February 27, 2013

Ben Affleck's Argo ~ A pack of lies

To start, Argo is not a particularly good movie, though fans of the thriller genre might find it enjoyable. It is typical Hollywood fare with all the usual bits and pieces needed to keep an audience in their seats: action, conflict, international intrigue, funny old guys and even a separated-from-his-son hero. It all works out in the end, including the son and his dad.

After a good beginning, brilliantly gritty both visually and emotionally, though not completely honest in its depiction, that shows the taking of the US Embassy in Iran on November 4, 1979, the film descends into a highly predictable and slightly boring yarn. That's okay; it's only a movie after all. The problem is that director Ben Affleck purports to be telling a story based on truth; real events that actually happened. He doesn't.

The movie suggests the six Americans who fled their embassy (while another fifty-two were taken hostage) were turned away by officials of New Zealand and the UK before being granted refuge in the Canadian Ambassador's residence. This is false. New Zealand and British officials offered support and comfort to the Americans before a decision was taken that Canada offered the best hope for safety. 

In the movie, all six are shown, stuck in an almost captivity-like setting at the Ambassador's residence. In fact, only two stayed at Pat and Ken Taylor's official residence, with the other four at the home of Zena and John Sheardown, the embassy's First Secretary. And unlike the portrayal in the film, they could move around quite freely, inside and outside the houses.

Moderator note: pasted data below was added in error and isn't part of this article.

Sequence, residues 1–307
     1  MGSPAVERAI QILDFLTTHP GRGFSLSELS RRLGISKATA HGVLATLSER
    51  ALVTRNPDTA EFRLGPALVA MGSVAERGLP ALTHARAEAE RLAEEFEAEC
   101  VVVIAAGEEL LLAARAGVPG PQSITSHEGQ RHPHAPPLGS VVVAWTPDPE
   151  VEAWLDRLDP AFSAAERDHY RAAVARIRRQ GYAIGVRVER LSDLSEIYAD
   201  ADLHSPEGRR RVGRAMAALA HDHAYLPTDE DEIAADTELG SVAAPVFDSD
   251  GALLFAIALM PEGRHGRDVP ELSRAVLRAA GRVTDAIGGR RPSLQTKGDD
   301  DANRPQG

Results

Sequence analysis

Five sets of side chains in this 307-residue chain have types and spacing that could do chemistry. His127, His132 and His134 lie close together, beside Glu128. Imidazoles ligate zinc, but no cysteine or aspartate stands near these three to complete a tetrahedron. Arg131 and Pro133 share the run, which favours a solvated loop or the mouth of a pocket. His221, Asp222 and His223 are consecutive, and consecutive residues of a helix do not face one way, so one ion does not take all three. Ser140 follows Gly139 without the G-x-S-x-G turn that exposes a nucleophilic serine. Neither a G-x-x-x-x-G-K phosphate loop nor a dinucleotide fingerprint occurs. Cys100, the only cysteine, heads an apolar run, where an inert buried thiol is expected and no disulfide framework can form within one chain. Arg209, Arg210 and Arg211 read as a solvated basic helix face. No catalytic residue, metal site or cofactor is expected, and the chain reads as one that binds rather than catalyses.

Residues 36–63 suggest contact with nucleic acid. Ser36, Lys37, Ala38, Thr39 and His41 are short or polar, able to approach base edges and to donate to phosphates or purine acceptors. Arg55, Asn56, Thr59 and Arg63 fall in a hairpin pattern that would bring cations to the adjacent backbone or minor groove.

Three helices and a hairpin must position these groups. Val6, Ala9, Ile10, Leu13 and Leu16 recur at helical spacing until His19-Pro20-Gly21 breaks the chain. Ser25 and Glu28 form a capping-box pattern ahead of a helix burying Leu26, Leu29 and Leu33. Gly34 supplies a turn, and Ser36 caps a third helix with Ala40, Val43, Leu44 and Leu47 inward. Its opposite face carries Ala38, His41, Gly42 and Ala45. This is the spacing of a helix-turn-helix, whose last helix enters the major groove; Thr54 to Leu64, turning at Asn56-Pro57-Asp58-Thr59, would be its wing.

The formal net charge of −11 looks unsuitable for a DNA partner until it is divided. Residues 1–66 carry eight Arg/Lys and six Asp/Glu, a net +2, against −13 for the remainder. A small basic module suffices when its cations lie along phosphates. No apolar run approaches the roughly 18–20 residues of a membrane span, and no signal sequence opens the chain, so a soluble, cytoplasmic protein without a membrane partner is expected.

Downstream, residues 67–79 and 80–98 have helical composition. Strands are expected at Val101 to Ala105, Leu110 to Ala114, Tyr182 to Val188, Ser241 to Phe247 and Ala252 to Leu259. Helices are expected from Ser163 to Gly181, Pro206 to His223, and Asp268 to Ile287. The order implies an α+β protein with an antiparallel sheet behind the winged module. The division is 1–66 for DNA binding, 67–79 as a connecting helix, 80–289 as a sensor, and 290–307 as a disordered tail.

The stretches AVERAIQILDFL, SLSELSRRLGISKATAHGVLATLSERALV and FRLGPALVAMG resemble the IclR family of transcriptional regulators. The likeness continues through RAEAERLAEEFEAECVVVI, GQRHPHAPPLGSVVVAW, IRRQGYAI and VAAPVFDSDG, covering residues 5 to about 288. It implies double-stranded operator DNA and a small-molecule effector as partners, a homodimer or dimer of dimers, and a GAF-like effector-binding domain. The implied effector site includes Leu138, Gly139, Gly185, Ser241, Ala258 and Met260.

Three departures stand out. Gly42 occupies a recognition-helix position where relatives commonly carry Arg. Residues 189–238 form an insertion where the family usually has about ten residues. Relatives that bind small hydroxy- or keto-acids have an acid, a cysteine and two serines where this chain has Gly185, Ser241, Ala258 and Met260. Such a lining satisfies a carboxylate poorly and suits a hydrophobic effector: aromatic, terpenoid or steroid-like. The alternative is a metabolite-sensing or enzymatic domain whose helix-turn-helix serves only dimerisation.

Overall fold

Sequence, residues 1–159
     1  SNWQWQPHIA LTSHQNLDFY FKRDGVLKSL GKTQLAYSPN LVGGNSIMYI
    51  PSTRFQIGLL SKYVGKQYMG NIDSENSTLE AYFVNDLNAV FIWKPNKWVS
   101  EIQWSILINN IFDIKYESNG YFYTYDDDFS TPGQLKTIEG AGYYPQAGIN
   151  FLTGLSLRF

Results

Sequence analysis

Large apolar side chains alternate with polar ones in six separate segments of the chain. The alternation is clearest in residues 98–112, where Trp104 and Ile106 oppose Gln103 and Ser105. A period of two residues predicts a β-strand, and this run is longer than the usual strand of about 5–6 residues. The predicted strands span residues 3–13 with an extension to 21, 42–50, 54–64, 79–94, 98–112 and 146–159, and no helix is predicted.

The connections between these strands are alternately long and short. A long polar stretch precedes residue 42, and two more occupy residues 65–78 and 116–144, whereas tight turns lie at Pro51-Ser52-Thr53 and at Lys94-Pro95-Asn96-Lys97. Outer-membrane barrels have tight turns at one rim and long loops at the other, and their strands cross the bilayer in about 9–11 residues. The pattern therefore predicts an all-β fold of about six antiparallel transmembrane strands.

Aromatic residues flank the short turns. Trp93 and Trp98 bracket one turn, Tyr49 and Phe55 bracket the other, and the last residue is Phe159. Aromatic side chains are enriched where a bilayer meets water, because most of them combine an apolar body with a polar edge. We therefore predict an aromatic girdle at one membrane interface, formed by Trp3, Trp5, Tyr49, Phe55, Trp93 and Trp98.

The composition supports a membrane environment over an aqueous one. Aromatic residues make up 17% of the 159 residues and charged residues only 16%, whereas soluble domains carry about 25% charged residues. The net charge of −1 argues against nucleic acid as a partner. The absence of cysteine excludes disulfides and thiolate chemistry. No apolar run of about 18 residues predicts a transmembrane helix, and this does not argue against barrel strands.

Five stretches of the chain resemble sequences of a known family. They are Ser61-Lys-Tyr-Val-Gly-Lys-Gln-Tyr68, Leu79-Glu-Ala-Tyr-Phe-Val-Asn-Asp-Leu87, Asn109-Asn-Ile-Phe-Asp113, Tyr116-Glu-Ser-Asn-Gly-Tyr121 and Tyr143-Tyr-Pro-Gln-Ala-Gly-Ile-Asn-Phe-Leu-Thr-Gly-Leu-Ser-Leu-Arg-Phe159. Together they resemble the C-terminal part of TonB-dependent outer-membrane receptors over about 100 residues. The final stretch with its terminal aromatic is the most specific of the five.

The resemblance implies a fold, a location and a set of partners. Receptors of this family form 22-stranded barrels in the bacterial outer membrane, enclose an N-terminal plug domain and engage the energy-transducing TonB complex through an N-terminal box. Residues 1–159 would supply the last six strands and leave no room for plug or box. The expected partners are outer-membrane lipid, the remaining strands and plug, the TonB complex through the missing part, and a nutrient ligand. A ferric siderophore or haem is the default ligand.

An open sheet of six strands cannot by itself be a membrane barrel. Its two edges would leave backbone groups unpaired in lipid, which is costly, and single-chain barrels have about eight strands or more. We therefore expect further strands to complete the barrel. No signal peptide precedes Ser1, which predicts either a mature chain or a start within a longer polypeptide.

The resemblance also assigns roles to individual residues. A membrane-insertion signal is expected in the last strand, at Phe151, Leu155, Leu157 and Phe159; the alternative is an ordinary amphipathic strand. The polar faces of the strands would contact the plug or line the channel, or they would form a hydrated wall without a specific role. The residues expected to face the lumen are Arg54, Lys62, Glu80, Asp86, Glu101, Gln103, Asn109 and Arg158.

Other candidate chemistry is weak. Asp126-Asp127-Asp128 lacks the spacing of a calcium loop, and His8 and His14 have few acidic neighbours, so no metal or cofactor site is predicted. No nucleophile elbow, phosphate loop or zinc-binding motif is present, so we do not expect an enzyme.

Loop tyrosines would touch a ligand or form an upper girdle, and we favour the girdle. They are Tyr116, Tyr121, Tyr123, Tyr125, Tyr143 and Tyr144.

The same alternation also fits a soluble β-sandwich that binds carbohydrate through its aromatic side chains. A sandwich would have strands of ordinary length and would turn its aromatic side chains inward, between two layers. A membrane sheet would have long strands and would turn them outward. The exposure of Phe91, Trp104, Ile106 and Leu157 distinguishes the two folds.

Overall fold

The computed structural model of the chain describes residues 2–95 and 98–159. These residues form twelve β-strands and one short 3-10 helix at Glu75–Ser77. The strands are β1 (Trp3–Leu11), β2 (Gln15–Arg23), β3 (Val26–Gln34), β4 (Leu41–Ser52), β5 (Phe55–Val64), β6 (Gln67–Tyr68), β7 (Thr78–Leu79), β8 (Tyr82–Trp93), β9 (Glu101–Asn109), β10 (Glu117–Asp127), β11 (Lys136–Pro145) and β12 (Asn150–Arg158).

Affleck presents the view that the American Central Intelligence Agency, and its true-life agent Tony Mendez, concocted the scheme of giving the six Americans film-making credentials, and this is largely true, though the figure played by Alan Arkin is a complete falsehood. Affleck suggests that our hero, Mendez, personally created the Canadian passports for the six, and that the CIA provided the plane tickets for their return home. This is all nonsense. Canada issued and delivered the passports, through a secret Order in Council (we don't  normally issue false passports for foreigners hiding out in our diplomats' homes). All documentation, including Canadian credit cards, business cards, IDs, and the all important exist visas, was provided by Canada. Coaching in how to speak Canadian, was also provided. Taylor and Sheardown played significant roles throughout the entire process. Sheardown isn't acknowledged in the film, and for some reason Ken Taylor is seldom seen without a tumbler of whisky in his hand. 

The movie would have us believe our Ambassador was anxious to close the embassy (too difficult a place for dumb and frightened Canadians apparently) and actually leave the six Americans to fend on their own! At no time was anything like that even remotely contemplated, not by Taylor nor by External Affairs in Ottawa. 

The movie's thrilling closing scenes at the airport, are all fabrications. The tension created by Affleck as the American group proceeds through three checkpoints, never occurred. In fact, Mendez has written that going through the airport was "as smooth as silk." This was because Canadian diplomats did actual dry-runs simulating what they thought might happen when they sent the Americans.

The idiotic and ridiculous car chase of a large jetliner down a runway, never happened. Maybe in Mission Impossible things like that happen, but not here, not then. 

American movie makers and the CIA are both masters of dissembling. In this case, what was once known as  the Canadian Caper,  is now being introduced to a new generation as Argo, an example of the brilliance of the CIA and the power and generosity of America's film industry. Canadians, and the others who helped the six Americans, should be outraged by Affleck's pack of lies. The truth is a much better story.

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